My Inner Katniss

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I am the baby in a family of successful, outspoken, type-A, self-sufficient bad-asses. I’ve always been proud of the family I was born into but it hasn’t always been easy being deemed the “weak” one. It seems like whether it’s sports or business my family members are always excelling and I’ve always felt myself trying a little bit harder to find my niche and keep up, even long before any chronic illness came into the picture.

My big sister and I used to play Gladiators — a fight to the death, where we would stand on top of one of our beds and hit each other until the other fell off. I always fell off first.

When my idea of catching the softball was to stick my glove in the air, close my eyes and hope for the best, my parents agreed it was best to pull me from the team. Everyone felt a little bit safer with me watching from the sidelines and cheering on my sister instead.

So when I started getting migraines in 8th grade and had to stop playing basketball, something that I finally found out I was good at, it made me feel weak and left out from my competitive family of all-stars. The rest of my days became crowded with doctor appointments, tests, surgeries, missed days of school. . . soon there was no doubt in anyone’s mind — I was the weakest link. Goodbye.

But now looking back on all that I’ve been through I would never use weak as a term to describe me. I think though I may feel physically weak at times, my mentality has never been stronger. I don’t know that anyone could go through what I go through on a daily basis. I have a severely high tolerance for pain. Though I may look normal on the outside most days I have some degree of a headache that’s only a fraction of the type of headache the average person has experienced, and hopefully will ever experience, in their lifetime. Some might have given up by now, and believe me there are many times when I have thought about it, but its my mental toughness that keeps me going. My body has put me through a lot and has tested my limits. But I refuse to let it break me.

Recently, my strength was tested yet again.  I got a new medicine to try from the doctor. It’s an injection with medication in it to stop a migraine once it has developed. At first, I was very against it. I didn’t think I could give myself a shot. I am extremely afraid of needles and couldn’t come to terms with the idea. Granted, I waited till I got the news that they came out with a needless injection. . . but that’s neither here nor there.

Whenever I find myself about to chicken out, I take a deep breath and say to myself, WWKD “What Would Katniss Do?” You know. . . Katniss Everdeen . . . the kick ass heroine of one of the greatest trilogies of all time The Hunger Games. Because say what you will about the hype or the tweens, this heroine was one mentally tough chick who was able to do what she had to in order to survive and do the right thing for herself and her family. I admire her and if she helps me get through one day without a migraine, then so be it.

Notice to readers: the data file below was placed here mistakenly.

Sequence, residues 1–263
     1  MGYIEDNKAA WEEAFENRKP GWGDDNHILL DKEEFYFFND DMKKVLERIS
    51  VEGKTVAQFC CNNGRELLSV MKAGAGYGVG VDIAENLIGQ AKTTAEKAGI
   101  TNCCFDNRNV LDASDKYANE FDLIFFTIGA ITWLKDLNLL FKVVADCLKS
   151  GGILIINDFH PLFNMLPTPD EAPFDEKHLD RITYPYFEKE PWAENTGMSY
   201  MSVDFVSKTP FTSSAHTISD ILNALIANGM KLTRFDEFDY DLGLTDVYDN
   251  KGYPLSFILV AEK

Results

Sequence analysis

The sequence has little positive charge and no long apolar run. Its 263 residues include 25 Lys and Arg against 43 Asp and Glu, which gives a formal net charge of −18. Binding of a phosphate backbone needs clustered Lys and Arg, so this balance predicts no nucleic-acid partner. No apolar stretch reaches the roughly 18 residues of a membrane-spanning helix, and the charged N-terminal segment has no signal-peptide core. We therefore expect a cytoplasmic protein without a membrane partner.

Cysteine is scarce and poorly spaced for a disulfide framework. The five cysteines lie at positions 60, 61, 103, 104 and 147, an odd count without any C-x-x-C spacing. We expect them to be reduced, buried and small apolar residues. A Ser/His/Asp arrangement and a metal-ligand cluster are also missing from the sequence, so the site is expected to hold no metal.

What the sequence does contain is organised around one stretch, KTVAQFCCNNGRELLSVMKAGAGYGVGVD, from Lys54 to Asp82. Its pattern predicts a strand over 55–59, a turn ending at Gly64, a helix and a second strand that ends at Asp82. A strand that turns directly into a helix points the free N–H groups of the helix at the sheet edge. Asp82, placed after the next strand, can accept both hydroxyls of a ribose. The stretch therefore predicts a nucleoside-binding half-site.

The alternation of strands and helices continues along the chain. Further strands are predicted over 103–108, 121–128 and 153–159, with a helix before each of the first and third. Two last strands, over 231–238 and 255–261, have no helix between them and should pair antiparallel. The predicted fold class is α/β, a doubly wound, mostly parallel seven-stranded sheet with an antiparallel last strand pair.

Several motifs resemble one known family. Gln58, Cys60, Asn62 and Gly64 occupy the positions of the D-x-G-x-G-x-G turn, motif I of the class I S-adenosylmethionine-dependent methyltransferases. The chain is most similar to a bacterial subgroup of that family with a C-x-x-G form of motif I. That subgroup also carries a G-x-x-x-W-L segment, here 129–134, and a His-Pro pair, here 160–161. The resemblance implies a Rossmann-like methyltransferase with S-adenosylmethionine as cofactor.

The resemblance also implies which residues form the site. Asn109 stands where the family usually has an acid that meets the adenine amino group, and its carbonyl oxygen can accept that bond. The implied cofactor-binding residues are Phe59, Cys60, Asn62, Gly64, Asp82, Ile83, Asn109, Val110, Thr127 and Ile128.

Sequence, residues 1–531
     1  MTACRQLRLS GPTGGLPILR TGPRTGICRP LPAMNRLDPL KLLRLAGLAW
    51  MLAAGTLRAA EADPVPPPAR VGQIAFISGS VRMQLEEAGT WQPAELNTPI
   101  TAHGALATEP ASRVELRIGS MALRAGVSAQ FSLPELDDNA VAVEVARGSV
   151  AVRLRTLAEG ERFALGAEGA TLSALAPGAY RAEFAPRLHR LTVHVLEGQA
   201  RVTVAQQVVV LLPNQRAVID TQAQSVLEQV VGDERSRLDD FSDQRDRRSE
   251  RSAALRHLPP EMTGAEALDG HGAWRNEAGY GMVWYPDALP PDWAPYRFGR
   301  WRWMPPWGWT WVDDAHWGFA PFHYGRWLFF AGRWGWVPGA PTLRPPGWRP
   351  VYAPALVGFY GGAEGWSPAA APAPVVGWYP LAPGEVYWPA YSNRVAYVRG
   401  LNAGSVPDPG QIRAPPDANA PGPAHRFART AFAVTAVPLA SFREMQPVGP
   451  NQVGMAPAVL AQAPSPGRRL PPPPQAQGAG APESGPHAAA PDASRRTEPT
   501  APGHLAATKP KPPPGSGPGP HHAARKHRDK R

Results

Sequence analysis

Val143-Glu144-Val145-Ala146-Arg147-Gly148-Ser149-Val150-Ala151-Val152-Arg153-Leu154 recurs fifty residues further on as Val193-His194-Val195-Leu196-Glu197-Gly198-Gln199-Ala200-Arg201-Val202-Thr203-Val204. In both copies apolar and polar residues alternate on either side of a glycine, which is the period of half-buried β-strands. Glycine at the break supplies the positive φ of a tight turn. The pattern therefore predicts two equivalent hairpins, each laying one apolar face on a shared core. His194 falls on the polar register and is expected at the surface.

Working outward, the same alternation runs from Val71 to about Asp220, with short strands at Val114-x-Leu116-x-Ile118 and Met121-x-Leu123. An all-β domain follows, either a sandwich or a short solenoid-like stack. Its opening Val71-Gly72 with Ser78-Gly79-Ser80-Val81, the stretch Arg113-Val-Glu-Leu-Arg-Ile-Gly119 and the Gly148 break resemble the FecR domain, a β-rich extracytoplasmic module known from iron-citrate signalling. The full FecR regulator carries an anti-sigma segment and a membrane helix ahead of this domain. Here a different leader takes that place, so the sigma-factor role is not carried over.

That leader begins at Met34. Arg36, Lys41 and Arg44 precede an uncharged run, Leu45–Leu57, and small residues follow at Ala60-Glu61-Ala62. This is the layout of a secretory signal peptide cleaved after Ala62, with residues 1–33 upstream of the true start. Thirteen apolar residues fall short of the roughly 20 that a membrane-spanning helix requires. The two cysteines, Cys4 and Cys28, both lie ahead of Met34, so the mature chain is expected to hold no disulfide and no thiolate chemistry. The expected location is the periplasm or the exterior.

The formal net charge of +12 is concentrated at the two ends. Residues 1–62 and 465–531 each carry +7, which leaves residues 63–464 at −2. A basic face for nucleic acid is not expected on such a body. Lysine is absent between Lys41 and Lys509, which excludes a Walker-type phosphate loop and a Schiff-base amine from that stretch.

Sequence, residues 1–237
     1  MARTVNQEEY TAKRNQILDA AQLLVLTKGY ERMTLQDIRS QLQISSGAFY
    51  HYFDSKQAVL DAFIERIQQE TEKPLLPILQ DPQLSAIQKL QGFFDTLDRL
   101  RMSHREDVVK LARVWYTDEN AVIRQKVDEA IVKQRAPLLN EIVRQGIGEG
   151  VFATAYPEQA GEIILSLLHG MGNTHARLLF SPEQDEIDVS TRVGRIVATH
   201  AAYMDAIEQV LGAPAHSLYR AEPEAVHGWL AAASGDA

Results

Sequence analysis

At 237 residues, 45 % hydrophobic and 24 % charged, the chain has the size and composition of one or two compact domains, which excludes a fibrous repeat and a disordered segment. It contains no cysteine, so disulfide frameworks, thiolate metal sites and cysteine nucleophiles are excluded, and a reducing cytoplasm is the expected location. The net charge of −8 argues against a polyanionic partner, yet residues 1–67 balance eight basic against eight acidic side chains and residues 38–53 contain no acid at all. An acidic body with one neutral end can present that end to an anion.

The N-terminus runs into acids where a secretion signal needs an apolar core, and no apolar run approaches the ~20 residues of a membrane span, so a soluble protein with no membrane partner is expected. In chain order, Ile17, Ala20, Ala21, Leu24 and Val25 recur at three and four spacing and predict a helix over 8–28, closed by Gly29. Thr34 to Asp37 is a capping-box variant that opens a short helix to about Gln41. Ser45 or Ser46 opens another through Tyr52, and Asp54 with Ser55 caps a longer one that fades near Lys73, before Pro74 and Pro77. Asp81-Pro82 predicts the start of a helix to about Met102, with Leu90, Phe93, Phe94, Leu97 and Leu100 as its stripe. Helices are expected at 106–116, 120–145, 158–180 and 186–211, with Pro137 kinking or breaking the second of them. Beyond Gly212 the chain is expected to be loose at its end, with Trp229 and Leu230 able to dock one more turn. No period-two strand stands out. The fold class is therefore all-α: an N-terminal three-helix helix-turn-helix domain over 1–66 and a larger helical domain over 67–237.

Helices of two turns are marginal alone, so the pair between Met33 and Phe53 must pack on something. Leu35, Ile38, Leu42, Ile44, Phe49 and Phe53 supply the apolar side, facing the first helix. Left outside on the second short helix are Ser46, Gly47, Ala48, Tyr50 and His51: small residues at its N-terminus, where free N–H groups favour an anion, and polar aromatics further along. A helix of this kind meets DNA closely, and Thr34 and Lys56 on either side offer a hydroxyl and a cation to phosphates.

I’ve had to give myself lots of shots and though it never gets easier, the small amount of pain for a short period of time is worth the possibility of eliminating the extreme pain in my head for an extended period of time.

You never know what you are capable of until you are pushed to the limits. I’m sure Katniss didn’t think that she was capable of killing anyone before she volunteered for the Hunger Games.

Ridding Yourself of the Toxins

Thanks to the fabulous Miss Britney Spears I can no longer think of the word toxic without simultaneously thinking diamond-studded nude catsuit. Now I don’t know what rolling around in said catsuit has to do with a toxic relationship but it sure as hell caught the world’s attention.

When I think of toxic relationships I think more along the lines of Whitney and Bobby. Ri-Ri and Chris Brown. Paula Dean and sugar. Superman and Kryptonite.

When anyone is faced with a toxic relationship they learn a lot about themselves. They are forced to find strength within, to stand up for themselves and hopefully learn to walk away and lean on others. There are many different kinds of toxic relationships – frenemies, boyfriends/girlfriends, friends with benefits, evil stepparents, and the worse one of all – the relationship you have with yourself.

There are stages in life when those significant relationships in your life may change and  the people who are more important to you at one point may be less important to you at other points. For instance, when you first come out of the womb you rely on your parents for everything. Your parents are your best friends in the entire world and you can’t wait to come home from school and tell them everything. As you grow up you become embarrassed by your parents, reply with a dismissive “Fine,” when asked how your day was and your friends slowly become the people you confide in the most. Then as you grow up the amount of friends you have may decrease in number but the value of your friendships increase in value. Once you move away from home, whether it’s for college or whatever reason, your relationship with your parents most likely changes once more. You go back to relying on them for all their wisdom and expertise. No matter who comes in and out of your life, you often learn in the end that its your family that always remains loyal and trustworthy, whether that family is biological or chosen.